One final plan of the SIG which was discussed is the formation of a new journal specifically for Metacognitive research. Discussions

with publishers are underway, and again the idea is to build a platform for metacognitive research which addresses its specific needs and issues with the aim of cohesion and unification.

Building Partnerships with AERA…

The intent of this article was to begin the process of building partnerships with AERA members and in particular with related special interest groups within AERA. In discussing the possibilities for forming partnerships with Dr. Veenman we discussed several possibilities. Co-hosting conference symposia with AERA SIGs, (particularly at the AERA and EARLI 2005 meetings), making the survey and it's results available for AERA members, and finally making sure AERA members are invited and welcome to participate in the EARLI SIG's activities. It's important to note here that the EARLI SIG, as with AERA and its SIGs, take an international focus. Its membership of approximately 100 researchers comes from countries all over the world.

The possibilities of forming partnerships are not without challenges however. One of the difficulties European researchers have in participating in AERA activities is obtaining timely information. It is hoped that solutions to this can be found so that strong ties can be made across metacognitive research world-wide. In order to assist in the formation of these partnerships below you'll find information and recent publications of key members of the EARLI SIG as well as a listing of their member presentations at AERA 2004.

If you have any interest in what you have seen in this article please don't hesitate to contact either Dr. Marcel Veenman, (contact information below), or Sarah Manlove (manlovesa@edte.utwente.nl).

EARLI Metacognition Key Members, Research Interests and recent publications

Dr. Marcel Veenman, University of Leiden and University of Amsterdam

Email: Veenman@fsw.leidenuniv.nl or Veenman@ilo.uva.nl

Research Interests: Metacognitive skills and their relation with intelligence, domain generality and specificity, developmental issues related to metacognition, and metacognitive assessment.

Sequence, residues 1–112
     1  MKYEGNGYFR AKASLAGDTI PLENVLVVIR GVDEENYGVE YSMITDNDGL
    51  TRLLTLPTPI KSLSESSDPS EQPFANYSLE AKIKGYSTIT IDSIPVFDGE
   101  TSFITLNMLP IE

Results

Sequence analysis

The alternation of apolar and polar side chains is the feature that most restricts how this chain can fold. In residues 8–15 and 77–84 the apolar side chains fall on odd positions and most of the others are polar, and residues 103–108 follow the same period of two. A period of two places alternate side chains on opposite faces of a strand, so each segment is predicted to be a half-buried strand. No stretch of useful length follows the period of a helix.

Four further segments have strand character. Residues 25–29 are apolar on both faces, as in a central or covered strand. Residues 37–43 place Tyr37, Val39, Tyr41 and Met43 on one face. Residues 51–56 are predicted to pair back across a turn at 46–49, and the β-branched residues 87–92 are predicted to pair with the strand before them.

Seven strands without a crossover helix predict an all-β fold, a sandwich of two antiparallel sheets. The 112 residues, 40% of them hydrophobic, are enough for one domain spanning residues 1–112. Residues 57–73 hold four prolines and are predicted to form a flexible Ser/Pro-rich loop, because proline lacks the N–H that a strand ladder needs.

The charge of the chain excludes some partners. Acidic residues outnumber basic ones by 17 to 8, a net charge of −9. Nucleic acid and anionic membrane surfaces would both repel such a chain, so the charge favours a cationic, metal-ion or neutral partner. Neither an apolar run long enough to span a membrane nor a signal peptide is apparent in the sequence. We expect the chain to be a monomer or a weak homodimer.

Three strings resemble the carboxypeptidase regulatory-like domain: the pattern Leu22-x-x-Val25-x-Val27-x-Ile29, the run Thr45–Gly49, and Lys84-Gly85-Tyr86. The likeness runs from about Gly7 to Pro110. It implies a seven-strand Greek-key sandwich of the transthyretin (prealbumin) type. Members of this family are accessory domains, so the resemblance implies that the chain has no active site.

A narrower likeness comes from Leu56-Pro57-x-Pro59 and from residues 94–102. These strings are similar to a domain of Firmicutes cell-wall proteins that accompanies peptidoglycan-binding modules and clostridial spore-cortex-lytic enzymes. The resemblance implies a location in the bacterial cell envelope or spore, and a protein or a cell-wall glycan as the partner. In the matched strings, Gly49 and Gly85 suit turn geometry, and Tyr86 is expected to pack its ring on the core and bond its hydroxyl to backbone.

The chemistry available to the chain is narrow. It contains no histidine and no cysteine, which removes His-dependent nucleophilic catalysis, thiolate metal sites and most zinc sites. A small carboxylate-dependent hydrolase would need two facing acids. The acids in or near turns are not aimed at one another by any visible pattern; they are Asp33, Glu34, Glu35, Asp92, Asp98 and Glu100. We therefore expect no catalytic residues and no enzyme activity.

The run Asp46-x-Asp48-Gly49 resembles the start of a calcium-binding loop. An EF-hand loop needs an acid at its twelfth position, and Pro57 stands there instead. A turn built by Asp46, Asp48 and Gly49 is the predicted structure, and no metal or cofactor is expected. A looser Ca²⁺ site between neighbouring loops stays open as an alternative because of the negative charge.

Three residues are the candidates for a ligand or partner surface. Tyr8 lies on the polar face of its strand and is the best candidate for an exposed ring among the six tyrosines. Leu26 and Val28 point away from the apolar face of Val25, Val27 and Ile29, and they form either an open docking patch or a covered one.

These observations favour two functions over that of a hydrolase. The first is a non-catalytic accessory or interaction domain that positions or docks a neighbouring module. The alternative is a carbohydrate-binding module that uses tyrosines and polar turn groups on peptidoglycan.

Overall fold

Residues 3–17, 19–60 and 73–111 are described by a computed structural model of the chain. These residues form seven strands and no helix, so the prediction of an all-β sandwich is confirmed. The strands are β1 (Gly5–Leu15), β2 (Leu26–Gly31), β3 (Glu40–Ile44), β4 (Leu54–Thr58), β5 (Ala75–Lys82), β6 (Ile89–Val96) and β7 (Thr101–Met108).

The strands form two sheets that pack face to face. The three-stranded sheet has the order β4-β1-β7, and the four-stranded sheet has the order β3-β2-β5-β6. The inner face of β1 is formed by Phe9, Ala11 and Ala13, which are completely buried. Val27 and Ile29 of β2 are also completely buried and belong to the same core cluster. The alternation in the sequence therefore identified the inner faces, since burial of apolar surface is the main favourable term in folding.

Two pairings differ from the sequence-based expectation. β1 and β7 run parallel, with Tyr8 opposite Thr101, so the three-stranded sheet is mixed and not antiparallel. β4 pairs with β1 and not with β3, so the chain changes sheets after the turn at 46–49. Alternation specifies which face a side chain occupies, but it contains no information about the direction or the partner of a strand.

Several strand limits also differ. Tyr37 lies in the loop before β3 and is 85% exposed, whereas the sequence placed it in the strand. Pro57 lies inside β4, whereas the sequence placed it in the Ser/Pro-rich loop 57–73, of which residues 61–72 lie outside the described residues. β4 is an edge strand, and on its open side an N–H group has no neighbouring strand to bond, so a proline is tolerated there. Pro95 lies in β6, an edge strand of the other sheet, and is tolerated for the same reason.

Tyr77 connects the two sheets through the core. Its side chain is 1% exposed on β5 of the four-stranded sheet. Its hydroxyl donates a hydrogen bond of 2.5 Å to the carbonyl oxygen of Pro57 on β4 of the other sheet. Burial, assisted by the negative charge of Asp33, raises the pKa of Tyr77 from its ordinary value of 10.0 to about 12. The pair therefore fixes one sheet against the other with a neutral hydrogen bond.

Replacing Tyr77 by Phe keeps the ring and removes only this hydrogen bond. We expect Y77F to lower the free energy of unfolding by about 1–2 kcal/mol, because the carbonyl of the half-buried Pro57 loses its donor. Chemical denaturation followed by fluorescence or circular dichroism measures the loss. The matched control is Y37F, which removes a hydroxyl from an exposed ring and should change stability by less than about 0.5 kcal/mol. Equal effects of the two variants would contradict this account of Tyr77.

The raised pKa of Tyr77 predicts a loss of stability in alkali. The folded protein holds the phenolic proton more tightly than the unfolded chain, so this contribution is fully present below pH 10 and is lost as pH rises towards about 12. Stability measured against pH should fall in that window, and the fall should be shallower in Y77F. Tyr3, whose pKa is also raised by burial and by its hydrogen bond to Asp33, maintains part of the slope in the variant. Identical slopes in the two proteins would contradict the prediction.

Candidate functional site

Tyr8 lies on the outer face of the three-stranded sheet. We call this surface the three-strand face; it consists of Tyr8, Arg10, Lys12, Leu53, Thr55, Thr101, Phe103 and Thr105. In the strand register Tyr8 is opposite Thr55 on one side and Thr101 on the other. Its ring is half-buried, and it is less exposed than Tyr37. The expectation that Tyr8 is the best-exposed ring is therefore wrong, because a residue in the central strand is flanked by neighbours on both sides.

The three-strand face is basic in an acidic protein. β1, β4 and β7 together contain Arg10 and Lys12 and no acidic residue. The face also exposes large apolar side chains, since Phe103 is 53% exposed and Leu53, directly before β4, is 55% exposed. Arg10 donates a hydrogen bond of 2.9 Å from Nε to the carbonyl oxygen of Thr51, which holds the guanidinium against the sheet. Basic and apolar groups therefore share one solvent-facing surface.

Recent publications:

Veenman, M. V. J. & Verheij, J. (2003). Identifying technical students at risk: Relating general versus specific metacognitive skills to study success. Learning and Individual Differences , 13 , 259-272 .

Veenman, M. V. J., Wilhelm, P. , & Beishuizen, J. J. (2004). The relation between intellectual and metacognitive skills from a developmental perspective. Learning and Instruction , 14 , 89-109.

Dr. Annemie Desoete, Ghent University

Research interests: Metacognitive knowledge and skills during math problem solving.

Recent publication:

Desoete, A., Roeyers, H., & De Cllercq, A. (2003). Can offline metacognition enhance mathematical problem solving? Journal of Educational Research , 95 , 188-200.

Dr. Zemira Mevarech, Bar Ilan University

Research interests: Training of metacognition during math problem solving.

Recent publication:

Kramarski, B., & Mevarech, Z. R. (2003). Enhancing mathematical reasoning in the classroom: The effects of cooperative learning and metacognitive training. American Educational Research Journal , 40 , 281-310.

Dr. Bernadette van Hout-Wolters, University of Amsterdam

Research interests: Study skills and study strategies during text reading.

Recent publication:

Broekkamp, H., van Hout-Wolters, B. H. A. M., Rijlaarsdam, G., & van den Berg, H. (2002). Importance in instructional text: Teachers' and students' perceptions of task demands. Journal of Educational Psychology , 94 , 260-271.